The US Water Alliance released a reminder that the application deadline for the ...
East Europeans glugged and sipped almost 10 percent more soft drinks in 2001, pushing consumption past the 20,000 million litre mark for the first time, according to the 2002 East Europe Soft Drinks report from leading drinks consultancy Zenith International. Volumes have jumped 36 percent since 1997, despite the economic troubles of the late 1990s.
"1999 was a particularly difficult year after the collapse of the Russian rouble in August 1998", commented Zenith Research Director Gary Roethenbaugh. "Since then, East Europes soft drinks industry has been reinvigorated by a flurry of restructuring activity including the privatisation of state owned enterprises, increased foreign investment and new joint ventures."
The two fastest growing countries between 1997 and 2001 were Serbia and Bulgaria, both achieving gains in excess of 70 percent. The two biggest national markets of Poland and Russia had contrasting fortunes in 2001. Russia speeded up to top the rankings with growth of 20 percent, while Poland slowed to hit the bottom with growth of 4 percent.
Individual consumption was highest in the Czech Republic at 239 litres per person in 2001, more than eight times the level in the Ukraine at 29 litres. The East European average of 64 litres has a long way to go before catching the West European figure of 223 litres.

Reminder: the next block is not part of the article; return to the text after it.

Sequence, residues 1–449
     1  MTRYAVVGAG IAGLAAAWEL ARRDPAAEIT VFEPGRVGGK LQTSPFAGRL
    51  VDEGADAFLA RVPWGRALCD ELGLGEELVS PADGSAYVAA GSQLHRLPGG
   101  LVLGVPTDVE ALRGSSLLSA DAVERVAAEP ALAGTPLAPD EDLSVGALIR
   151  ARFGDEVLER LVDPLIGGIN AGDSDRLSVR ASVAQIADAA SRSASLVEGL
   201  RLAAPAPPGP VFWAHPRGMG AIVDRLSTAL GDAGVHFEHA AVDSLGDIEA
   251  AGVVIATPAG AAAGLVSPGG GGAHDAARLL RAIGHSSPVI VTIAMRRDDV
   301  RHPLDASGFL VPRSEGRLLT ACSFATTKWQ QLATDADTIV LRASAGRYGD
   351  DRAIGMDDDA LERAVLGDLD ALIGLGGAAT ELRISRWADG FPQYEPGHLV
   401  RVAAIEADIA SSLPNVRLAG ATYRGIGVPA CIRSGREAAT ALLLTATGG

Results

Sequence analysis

Carbonated soft drinks were the largest overall product market with a 40 percent volume share, but growth has been modest. Bottled water, however, has consistently managed double digit growth to reach 30 percent. Apart from a downturn in 1999, fruit juice/nectars and still drinks have also been growing strongly, while dilutables have made only limited headway.
The new Zenith report provides a host of detail on other aspects of the East European market by country and by product:
* Flavours Colas lead carbonates with a 31 percent share, while orange is most popular for fruit juice/nectars and dilutables.
* Packaging PET bottles have a commanding 61 percent share, followed by glass on 21% and cartons on 13 percent, with cans held back to just 2 percent.
* Companies - the top 50 national operators are responsible for 47 percent of total volume, including 12 entries by Coca-Cola and 7 by PepsiCo.
"East Europe represents a clear strategic priority for the international soft drinks leaders", added Gary Roethenbaugh. "But the importance of local operators should not be underestimated. They still account for the majority of sales."
The Zenith report also contains numerous other insights into East European soft drinks trends:
* Bottled water six national markets have doubled since 1997.
* Energy drinks have been slow to build.
* Kvass malt-based beverages have staged a recent revival.
* Raspberry is the third most popular dilutables flavour with a share of 8 percent.
Concluding with detailed forecasts, Zenith predicts East European soft drinks growth of between 7 percent and 10 percent per year to pass 29,000 million litres by 2006.